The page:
Even the sign on your door is considered marketing. I’m not talking about the sign on the street that you paid umpteen thousand dollars to have put up. I’m talking about the sign you hand wrote in sharpie on a neon green piece of paper and taped to the front door of your retail location to display the store hours. This is marketing! Those afterthought things we do as small business owners and entrepreneurs are, in fact, marketing. If we don’t do them well, we aren’t taking care of business. Our business.

Tinderbox Consulting

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Expiration Dates

Everything has an expiration date, well except maybe true love and Jesus. Your job is to be prepared for the time when your marketing and/or sales efforts expire.

Whether it’s Facebook or LinkedIn, certain tools you use to help grow your business will no longer be effective. However, instead of holding on to those tools like their precious resources, you should have a succession plan in place.

What does a succession plan look like? It’s really just a marketing plan. Understanding your company, your target, and your why, will give you the foundation you need to be successful marketing on whichever platform makes sense for your business.

Having this solid marketing foundation will help your business adapt to any changes in the marketing sphere. The key is to always be paying attention to where your target spends their time. So, understanding your target becomes invaluable. Once you truly understand your target demographic, you can easily move channels with them.

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No Magic Pills

There are very few magic pills in marketing. Marketing your business, like anything else, comes with almost no guarantees.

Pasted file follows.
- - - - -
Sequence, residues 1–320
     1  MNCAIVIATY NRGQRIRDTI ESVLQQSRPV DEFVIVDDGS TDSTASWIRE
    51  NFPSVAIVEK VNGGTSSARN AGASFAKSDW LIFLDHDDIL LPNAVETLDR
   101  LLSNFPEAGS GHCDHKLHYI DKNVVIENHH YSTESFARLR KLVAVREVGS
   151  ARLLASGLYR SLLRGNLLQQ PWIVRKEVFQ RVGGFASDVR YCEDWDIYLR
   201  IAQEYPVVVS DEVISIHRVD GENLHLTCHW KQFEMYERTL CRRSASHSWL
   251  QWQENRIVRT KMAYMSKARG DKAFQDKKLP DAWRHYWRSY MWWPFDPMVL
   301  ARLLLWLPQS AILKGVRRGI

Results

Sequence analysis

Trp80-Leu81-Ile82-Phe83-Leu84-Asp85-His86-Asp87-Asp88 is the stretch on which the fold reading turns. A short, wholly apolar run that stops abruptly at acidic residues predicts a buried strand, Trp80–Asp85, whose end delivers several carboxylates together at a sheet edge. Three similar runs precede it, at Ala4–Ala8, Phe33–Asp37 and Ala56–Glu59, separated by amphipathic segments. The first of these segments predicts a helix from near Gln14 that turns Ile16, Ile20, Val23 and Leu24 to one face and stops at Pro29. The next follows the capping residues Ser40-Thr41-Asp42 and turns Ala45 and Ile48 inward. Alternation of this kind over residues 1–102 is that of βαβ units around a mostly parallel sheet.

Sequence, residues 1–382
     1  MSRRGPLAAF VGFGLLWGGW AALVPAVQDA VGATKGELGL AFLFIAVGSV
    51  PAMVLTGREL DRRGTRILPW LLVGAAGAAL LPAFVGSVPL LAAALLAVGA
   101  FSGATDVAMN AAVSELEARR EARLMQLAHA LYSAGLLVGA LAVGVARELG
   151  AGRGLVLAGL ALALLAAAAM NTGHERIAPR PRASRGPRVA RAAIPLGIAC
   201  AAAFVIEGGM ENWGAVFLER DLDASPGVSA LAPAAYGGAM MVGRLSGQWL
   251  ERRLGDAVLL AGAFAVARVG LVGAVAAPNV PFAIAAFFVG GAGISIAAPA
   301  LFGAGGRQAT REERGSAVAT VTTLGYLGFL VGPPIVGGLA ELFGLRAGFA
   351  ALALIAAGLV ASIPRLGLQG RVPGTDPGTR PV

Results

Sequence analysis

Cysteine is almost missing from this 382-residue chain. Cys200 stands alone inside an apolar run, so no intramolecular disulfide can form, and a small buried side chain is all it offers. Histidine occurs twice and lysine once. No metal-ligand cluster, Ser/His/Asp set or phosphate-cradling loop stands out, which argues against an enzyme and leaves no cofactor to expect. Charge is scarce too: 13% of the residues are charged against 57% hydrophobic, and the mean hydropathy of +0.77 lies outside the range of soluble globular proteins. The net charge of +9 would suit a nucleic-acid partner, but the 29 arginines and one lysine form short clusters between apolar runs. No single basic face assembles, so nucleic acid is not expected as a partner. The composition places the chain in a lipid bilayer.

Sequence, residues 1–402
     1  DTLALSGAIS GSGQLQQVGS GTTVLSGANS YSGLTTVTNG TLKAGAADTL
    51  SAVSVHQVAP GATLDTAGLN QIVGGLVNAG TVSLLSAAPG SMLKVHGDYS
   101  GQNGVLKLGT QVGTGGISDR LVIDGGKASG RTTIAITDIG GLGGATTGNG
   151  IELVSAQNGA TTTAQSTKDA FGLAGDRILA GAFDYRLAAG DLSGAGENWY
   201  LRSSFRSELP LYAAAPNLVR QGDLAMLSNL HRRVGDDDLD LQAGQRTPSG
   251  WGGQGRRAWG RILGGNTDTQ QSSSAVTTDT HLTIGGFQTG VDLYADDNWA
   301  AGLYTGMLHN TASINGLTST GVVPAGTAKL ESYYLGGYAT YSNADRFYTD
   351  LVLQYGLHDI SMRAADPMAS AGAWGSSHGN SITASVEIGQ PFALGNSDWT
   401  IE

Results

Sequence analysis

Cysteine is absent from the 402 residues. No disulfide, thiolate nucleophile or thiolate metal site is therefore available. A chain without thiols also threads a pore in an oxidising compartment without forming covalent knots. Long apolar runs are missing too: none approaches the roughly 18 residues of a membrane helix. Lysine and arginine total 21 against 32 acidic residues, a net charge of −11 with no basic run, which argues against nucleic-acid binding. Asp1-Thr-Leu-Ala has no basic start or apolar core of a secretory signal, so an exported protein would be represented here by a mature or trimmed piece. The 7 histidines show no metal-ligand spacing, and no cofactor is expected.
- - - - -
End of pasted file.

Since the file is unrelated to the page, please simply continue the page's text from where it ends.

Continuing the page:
Social media is often viewed as a magic pill – a fix everything marketing solution that will magically bring in customers. Social sites like Facebook and Twitter have done a lot of good, and in some ways, leveraged the playing field for small businesses. Still, they aren’t guaranteed.

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Never Get a Case of the Mondays Again

Do you hate Mondays? Do you find yourself saying, on a weekly basis, that you have a case of the Mondays?

There are two simple cures.

The first, quit your job and find a job doing something that you love.

Or, the second cure, start your own company doing something that you love.

It may be trite, but life is too short to waste away at a job you despise. If you truly love something – fishing, hunting, snowboarding, skiing, video games, music, arts & crafts – I promise you can find a way to do it for a living. Write it down as a goal (or as a prayer) and meditate on it daily. You can’t just meditate on it, you have to take action as well. You have to move in that direction.